A View from Outside Cuba on José Martí

An outlook on José Martí from abroad.

In an article entitled ¨The soul of the revolution¨, Ollie Hopkins, British activist of the Cuba Solidarity Campaign in his country, among the many topics he addresses in his website https://cuba-solidarity.org.uk/ about Cuba puts forward a very deep work on the relevance of the legacy of our National Hero José Martí in today’s Cuba.

Hopkins highlights how Martí’s thought comes back to life in 1959, one hundred years after his birth, when the centennial generation guided its steps along Martí’s paths, and in homage to the Apostle, the young Fidel Castro, Abel and Haydee Santamaría, Melba Hernández and their companions carry out the March of the Torches from the University of Havana to the Martí Forge, where the terrible quarry of San Lázaro was located and where Martí, as a teenager, was condemned to forced labor by the Spanish rulers.

Ollie Hopkins considers that the centenary constituted a crucial year for the Cuban Revolution, considering that it began with the January march, continued with the attack on the Moncada Barracks on July 26 and culminated with Fidel’s defense speech “History will absolve me” in October.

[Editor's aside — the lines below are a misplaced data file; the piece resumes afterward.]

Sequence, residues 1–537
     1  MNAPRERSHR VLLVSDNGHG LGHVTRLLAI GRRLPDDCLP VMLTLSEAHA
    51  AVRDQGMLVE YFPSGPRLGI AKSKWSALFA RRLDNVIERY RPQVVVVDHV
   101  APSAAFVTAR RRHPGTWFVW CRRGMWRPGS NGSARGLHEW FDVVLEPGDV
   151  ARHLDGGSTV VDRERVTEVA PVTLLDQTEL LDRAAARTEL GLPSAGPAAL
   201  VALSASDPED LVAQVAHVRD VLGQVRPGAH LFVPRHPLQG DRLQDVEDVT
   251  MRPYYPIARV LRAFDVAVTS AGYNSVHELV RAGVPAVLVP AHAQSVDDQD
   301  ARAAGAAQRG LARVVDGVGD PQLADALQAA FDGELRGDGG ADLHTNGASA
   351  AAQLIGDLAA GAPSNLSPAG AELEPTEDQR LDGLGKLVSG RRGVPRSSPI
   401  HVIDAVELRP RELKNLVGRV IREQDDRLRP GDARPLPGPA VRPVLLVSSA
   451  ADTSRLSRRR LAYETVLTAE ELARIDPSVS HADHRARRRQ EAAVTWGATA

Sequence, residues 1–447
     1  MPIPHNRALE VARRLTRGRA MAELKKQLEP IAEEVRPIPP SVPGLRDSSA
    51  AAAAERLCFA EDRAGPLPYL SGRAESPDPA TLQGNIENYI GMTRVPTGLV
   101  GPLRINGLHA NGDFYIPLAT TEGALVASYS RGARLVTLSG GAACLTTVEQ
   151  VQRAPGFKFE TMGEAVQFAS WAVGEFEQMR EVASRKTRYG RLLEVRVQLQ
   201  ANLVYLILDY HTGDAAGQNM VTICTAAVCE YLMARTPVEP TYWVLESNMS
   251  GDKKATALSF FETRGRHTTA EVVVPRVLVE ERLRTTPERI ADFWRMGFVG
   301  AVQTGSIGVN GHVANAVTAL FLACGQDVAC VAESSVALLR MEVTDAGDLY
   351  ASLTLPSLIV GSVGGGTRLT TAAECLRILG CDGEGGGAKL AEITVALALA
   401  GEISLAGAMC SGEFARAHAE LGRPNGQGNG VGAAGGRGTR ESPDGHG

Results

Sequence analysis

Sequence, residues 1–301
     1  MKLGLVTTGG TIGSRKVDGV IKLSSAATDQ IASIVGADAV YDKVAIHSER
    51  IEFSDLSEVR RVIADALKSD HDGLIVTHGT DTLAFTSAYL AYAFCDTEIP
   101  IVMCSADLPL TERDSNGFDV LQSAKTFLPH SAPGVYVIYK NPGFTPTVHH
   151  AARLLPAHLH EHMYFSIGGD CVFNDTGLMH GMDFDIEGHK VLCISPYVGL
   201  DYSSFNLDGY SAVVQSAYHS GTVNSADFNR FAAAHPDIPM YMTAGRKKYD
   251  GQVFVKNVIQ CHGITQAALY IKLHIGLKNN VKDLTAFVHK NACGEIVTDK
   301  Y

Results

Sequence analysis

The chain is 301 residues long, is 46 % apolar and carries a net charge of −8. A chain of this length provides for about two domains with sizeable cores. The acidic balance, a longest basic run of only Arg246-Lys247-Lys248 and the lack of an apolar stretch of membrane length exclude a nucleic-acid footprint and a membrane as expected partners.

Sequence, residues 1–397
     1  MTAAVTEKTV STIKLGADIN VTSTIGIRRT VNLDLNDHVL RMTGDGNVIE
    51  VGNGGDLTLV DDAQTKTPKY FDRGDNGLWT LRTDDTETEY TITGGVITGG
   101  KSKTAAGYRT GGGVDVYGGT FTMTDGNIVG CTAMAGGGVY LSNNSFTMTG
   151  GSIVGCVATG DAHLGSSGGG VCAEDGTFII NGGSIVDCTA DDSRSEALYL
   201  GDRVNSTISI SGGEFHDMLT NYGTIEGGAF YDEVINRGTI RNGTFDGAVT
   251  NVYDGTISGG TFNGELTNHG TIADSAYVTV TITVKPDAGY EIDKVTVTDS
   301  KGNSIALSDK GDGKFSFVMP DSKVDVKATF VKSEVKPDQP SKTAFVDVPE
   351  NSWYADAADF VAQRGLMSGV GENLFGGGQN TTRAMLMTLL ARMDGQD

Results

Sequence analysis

According to the British activist’s view Fidel was the clinch seriously Martí’s ideas when even in prison he requested the Apostle’s writings. However, Fulgencio Batista’s regime banned the imprisoned Fidel from receiving Martí’s writings to prepare for his defense and also barred him from having any paper, which resulted in his entire speech being delivered from memory.

Hopkins goes further in his outlook on the relevance of Martí’s thoughts when he highlights Fidel Castro´s reference to José Martí as the “intellectual author” of the revolution while Che Guevara called him the revolution’s “mentor.”

The British activist underscores the Cuban National Hero’s warning on the US imperialist intentions over our America.

Martí wrote extensively on anti-imperialism, but his goal went beyond independence for Cuba from Spain or the US. He wanted to deliver social justice on the island “with all and for the good of all.”

“A wealthy nation is not one in which there are a few rich men but rather one in which every citizen has a small share of that wealth. Both in political economy and in solid government by distributing these things we make the people happy,” he wrote.

To deepen in the relevance of Martí’s thoughts in the revolutionary process in Cuba Hopkins goes further in his analysis:

The José Martí Cultural Society (SCJM) plays an important role in keeping alive his legacy and relevance in contemporary Cuba.

Rene Gonzalez, one of the Miami Five heroes, is vice president of the organisation. It’s role is to “sow the seed” of Martí in Cuban youth. “Every young Cuban has a Martí inside,” he says.

For Cubans on the island, Martí is the leading theorist on the threat of US intervention in Cuba. He lived in New York in exile for much of his adult life and said: “I’ve lived inside the belly of the beast and I know it well.”

This is the way Ollie Hopkins sees the relevance of José Martí’s thoughts in contemporary Cuba 129 after his death in combat on May 19, 1895.

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